Apple starts rolling out iTunes Match with audio fingerprinting to Apple Music subscribers

By , Jul 18, 2016

iTunes Match Mac CDs Cloud

When it debuted more than a year ago, Apple Music originally lacked support for iTunes Match, instead relying on a less accurate metadata matching system. That feature, however, has been inconveniencing many Apple Music subscribers who couldn’t properly match songs they already had in their iTunes libraries.

As first reported by The Loop, iTunes Match with audio fingerprinting is now being rolled out to all Apple Music subscribers and it works like a charm.

“Previously Apple was using a less accurate metadata version of iTunes Match on Apple Music, which wouldn’t always match the correct version of a particular song,” noted Jim Dalrymple.

The author blogged about iTunes Match hiccups causing live version of songs in his iTunes library to be replaced with their studio counterparts in an article titled “Apple Music is a nightmare and I’m done with it”.

Now that the full features of the iTunes Match audio fingerprinting system are available to Apple Music subscribers, those problems should be a thing of the past.

“If you had songs that were matched incorrectly using the metadata version of iTunes Match, the new version will rematch to the correct song,” he wrote, confirming that the system won’t delete any downloaded copies of songs you already have in your library.

With iTunes Match, any songs in a subscriber’s iTunes library that are available on the iTunes Store can be downloaded in high-resolution 256Kbps AAC format and streamed to every iOS, Mac or Windows device authorized with the same Apple ID.

To reiterate, any matched songs on Apple Music should now be available as DRM-free music files, just like iTunes Match. It’s super nice that Apple Music subscribers can use the full version of iTunes Match at no additional charge.

Otherwise, iTunes Match is available as a standalone subscription for $24.99 per year.

For those wondering, Dalrymple has confirmed that this is the same version of iTunes Match that iTunes users could pay for as a separate subscription since Apple began offering it years ago.

If you’re an Apple Music subscriber, you don’t need to do anything to receive this feature as Apple is switching over one to two percent of its users every day to the new iTunes Match, automatically.

When the service rolls out to your Apple Music subscriber account, you’ll start seeing “Matched” in the iCloud Status column of iTunes on your Mac or Windows PC for any matched songs in your library.

Source: The Loop

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  • john snow

    So now Apple Music will not destroy all the unofficial remixes or live versions?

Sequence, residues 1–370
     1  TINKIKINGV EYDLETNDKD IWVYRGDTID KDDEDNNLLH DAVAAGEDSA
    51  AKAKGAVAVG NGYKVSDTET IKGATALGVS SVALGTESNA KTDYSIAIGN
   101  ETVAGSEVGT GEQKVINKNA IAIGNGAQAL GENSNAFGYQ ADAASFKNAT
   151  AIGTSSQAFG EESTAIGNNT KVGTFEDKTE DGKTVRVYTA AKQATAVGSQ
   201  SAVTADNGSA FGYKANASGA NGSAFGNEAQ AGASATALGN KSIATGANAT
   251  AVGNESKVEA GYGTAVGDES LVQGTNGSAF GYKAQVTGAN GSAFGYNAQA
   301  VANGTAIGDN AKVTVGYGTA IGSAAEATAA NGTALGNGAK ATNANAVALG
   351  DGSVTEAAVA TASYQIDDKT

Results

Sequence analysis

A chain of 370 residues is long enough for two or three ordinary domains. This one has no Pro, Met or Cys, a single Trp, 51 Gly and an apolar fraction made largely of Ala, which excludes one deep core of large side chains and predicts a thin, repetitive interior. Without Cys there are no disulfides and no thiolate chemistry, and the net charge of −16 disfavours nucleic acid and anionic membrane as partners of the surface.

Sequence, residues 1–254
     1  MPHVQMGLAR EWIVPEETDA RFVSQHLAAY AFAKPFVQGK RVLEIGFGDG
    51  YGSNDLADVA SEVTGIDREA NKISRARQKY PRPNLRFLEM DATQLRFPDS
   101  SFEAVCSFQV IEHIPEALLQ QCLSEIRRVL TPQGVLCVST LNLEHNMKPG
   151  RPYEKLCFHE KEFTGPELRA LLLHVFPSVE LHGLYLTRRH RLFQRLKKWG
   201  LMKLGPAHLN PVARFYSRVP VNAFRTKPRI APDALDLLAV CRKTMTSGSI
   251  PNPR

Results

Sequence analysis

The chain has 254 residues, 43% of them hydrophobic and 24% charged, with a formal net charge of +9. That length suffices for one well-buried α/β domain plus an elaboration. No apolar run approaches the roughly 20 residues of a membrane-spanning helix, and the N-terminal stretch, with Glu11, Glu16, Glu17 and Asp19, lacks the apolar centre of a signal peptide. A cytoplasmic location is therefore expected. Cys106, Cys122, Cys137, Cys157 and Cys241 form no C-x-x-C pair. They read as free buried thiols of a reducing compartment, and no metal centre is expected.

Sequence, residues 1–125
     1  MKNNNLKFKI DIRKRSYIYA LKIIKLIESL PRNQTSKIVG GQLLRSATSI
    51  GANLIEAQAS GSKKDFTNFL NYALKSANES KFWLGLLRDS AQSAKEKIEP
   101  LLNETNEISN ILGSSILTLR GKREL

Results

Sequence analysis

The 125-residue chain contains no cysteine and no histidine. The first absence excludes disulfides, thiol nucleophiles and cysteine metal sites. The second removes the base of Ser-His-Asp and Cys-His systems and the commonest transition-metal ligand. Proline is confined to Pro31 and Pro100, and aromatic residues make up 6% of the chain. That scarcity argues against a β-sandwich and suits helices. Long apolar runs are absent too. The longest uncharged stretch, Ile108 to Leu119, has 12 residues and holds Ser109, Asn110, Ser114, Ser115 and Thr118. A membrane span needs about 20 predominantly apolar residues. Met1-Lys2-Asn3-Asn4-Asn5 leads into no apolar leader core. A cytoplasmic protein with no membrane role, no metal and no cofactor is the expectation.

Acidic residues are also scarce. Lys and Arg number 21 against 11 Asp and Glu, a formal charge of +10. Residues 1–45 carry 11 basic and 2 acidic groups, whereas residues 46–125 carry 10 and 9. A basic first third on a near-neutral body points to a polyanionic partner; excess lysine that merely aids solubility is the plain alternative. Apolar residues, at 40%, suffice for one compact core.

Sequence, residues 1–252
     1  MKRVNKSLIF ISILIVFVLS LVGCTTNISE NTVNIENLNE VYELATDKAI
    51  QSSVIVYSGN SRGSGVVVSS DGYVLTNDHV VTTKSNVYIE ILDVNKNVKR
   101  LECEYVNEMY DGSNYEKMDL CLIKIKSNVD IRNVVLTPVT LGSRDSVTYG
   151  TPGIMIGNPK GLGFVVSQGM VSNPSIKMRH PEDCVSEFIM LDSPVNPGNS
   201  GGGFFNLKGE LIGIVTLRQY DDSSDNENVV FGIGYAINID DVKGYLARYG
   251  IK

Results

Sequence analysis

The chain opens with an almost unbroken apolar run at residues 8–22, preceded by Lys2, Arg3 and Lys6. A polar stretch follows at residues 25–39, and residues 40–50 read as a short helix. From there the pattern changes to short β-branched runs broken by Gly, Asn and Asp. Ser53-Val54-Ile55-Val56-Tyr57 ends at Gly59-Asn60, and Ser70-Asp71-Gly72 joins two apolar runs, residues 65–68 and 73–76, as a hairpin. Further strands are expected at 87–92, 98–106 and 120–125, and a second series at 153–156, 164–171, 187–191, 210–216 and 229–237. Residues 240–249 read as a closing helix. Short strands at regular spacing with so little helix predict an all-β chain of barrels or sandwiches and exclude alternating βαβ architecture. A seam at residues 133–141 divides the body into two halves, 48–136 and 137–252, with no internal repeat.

• Rander Pereira

      Maybe not yet, for this reason I still using iTunes match but not Apple Music, I’m using Spotify instead.

  • Wilfredo Nanita

    Will I be able to unsubscribe from iTunes Match and only use Apple Music? I only use iTunes Match to download better versions of my matched songs.

  • Wilfredo Nanita

    To better clarify: (taken from another article)

    If you don’t use iCloud Music Library: Nothing to see here, move along. You keep playing your music as before.

    If you subscribe to iTunes Match subscription, and not to Apple Music: Nothing changes. Your life goes on as normal, and you continue paying $25 a year to have your music (up to 100,000 tracks) in the cloud.

    If you have both iTunes Match and Apple Music subscriptions: You can turn off auto-renew for iTunes Match. You won’t need iTunes Match any more, since Apple Music will now match using acoustic fingerprinting, and your files won’t have DRM if you download them on another device. Go into your account in the iTunes Store (Account > View My Account), then go to iTunes in the Cloud > iTune Match, and click Turn Off Automatic Renewal.

    If you subscribe only to Apple Music: You won’t notice much of a change. The only difference will be that new matched tracks will have an iCloud Status of Matched, rather than Apple Music, and they won’t have DRM. You can force older downloaded tracks to change their status by deleting the local copies and re-downloading them; iTunes won’t automatically do this for you. And you can play these matched tracks on any device, even one that doesn’t have an Apple Music subscription or isn’t signed into Apple Music. Note that tracks you add from Apple Music to your library still have DRM; this change only affects tracks that are matched from music you own.

  • Still hasn’t rolled out for me yet.